Following arguably the most tumultuous year in the Reserve Bank's (RBA) history, the last Board meeting of the year is likely to be the least interesting, as any change to monetary policy seems extraordinarily unlikely. 

Buying a home or looking to refinance? The table below features home loans with some of the lowest variable interest rates on the market for owner occupiers.

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LenderHome LoanInterest Rate Comparison Rate* Monthly Repayment Repayment type Rate Type Offset Redraw Ongoing Fees Upfront Fees LVR Lump Sum Repayment Additional Repayments Split Loan Option TagsFeaturesLinkCompare
6.04% p.a.
6.06% p.a.
Principal & Interest
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5.99% p.a.
5.90% p.a.
Principal & Interest
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6.14% p.a.
6.16% p.a.
Principal & Interest
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Important Information and Comparison Rate Warning

Base criteria of: a $400,000 loan amount, variable, fixed, principal and interest (P&I) home loans with an LVR (loan-to-value) ratio of at least 80%. However, the ‘Compare Home Loans’ table allows for calculations to be made on variables as selected and input by the user. Some products will be marked as promoted, featured or sponsored and may appear prominently in the tables regardless of their attributes. All products will list the LVR with the product and rate which are clearly published on the product provider’s website. Monthly repayments, once the base criteria are altered by the user, will be based on the selected products’ advertised rates and determined by the loan amount, repayment type, loan term and LVR as input by the user/you. *The Comparison rate is based on a $150,000 loan over 25 years. Warning: this comparison rate is true only for this example and may not include all fees and charges. Different terms, fees or other loan amounts might result in a different comparison rate. Rates correct as of . View disclaimer.


NAB economist Ray Attrill said today's RBA meeting would be somewhat of a non-event. 

"The RBA’s last meeting of the year should pass without incident unless the post-meeting Statement chooses to offer some guidance on the likely fate of its QE bond buying programme beyond its currently scheduled June 2021 expiry (unlikely)," Mr Attrill said.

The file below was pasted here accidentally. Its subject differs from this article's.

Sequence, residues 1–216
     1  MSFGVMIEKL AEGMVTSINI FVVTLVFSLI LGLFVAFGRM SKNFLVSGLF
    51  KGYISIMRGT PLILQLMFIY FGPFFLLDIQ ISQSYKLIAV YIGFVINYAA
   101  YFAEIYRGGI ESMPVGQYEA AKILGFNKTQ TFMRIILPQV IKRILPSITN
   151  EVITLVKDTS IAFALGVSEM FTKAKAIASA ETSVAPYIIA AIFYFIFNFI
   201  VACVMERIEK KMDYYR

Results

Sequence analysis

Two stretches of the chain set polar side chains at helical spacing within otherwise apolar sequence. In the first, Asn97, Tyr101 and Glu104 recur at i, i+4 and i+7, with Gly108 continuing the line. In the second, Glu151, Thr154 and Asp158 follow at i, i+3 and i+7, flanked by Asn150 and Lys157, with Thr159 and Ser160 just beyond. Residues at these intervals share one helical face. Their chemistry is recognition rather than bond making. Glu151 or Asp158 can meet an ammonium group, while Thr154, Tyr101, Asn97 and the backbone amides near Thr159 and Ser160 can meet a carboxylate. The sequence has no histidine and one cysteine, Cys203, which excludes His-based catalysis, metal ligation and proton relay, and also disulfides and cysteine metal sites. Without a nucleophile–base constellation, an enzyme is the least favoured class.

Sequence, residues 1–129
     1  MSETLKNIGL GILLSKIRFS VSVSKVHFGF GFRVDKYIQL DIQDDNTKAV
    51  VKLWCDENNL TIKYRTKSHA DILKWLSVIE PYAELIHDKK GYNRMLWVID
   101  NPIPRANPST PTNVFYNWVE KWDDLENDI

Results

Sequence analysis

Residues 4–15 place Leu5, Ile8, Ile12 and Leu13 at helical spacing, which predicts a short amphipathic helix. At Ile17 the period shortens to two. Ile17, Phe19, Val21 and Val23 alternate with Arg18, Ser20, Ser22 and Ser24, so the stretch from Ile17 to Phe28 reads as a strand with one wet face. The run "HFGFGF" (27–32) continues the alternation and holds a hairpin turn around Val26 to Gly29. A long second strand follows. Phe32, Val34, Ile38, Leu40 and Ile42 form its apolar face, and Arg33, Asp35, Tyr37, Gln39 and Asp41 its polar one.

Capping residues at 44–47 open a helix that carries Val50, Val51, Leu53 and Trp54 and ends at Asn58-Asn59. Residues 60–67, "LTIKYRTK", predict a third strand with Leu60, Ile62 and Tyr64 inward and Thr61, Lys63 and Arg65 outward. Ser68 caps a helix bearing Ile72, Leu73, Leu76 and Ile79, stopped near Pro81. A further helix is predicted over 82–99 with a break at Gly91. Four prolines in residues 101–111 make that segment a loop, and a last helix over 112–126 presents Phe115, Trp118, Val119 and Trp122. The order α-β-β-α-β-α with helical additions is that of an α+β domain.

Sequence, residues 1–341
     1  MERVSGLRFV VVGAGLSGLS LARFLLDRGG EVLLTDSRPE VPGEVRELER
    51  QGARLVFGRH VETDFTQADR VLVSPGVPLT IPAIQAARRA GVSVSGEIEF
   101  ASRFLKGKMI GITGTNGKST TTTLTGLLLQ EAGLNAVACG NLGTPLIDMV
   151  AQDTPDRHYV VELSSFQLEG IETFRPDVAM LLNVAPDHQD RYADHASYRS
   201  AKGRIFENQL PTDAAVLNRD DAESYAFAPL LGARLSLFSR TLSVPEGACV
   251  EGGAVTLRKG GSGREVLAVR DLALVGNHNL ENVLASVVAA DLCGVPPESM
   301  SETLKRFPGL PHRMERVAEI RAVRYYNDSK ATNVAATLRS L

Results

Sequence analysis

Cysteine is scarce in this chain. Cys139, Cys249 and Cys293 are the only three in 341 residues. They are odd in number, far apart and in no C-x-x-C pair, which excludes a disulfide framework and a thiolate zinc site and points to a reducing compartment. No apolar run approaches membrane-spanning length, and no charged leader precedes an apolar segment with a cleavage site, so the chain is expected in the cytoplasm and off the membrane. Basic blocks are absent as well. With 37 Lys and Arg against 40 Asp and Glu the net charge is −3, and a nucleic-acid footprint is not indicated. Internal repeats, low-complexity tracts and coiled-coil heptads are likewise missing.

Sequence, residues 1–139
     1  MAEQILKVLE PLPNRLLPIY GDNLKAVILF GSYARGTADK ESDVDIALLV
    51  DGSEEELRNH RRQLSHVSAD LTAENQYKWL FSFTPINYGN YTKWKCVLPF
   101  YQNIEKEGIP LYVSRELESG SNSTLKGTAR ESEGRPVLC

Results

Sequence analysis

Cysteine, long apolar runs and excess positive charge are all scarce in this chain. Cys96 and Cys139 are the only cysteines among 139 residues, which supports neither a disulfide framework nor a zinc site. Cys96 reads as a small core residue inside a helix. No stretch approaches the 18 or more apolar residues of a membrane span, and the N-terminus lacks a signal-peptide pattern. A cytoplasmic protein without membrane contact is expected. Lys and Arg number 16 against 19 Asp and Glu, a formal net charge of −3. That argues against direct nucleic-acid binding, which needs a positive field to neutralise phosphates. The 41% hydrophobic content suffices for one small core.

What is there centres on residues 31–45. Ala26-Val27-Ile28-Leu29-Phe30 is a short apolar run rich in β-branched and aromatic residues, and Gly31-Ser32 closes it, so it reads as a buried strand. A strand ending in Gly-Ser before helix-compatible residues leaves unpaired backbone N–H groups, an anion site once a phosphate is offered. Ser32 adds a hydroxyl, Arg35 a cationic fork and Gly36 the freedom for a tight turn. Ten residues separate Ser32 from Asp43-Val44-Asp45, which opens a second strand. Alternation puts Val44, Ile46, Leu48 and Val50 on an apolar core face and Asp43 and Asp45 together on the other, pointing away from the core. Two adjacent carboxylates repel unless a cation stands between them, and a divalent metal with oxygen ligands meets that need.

After reducing the cash rate to 0.10% from 0.25% in November, the RBA has stated the cash rate is at its effective lower bound and can go no further. 

Very few lenders passed on the RBA's November cut to variable rates, with many instead offering sub-2% fixed rates, causing RBA Governor Phillip Lowe to urge borrowers to switch lenders if this was the case.

[See if your your lender passed on the November rate here.]

The central bank has also repeatedly affirmed it has no appetite for negative interest rates.

"Members agreed that, with the cash rate target at 10 basis points and the interest rate on Exchange Settlement balances at zero, interest rates would have been lowered as far as it made sense to do so in the current environment," the RBA said in the Minutes of its November Meeting.

"They considered that there was little to be gained from short-term interest rates moving into negative territory and continued to view a negative policy rate as extraordinarily unlikely."

The RBA has also stated it will not raise the cash rate until inflation sits in its desired band of 2-3% and progress towards full employment is made. 

Australia's unemployment rate is currently at 7.0% and is expected to spike around 8% in December, with annual inflation sitting at 0.7%

Consequently, the RBA doesn't expect to raise the cash rate for at least three years. 

Since June of last year, the RBA has cut the cash rate by 135 basis points, taking it to a record low. 

With the cash rate seemingly at the end of its tether, attention may now turn to the RBA's Term Funding Facility and its quantitative easing (QE) program.

With a less protracted recovery forecast by many economists, there has been speculation the RBA will wind back its QE program.

The RBA won't meet again after today until February. 

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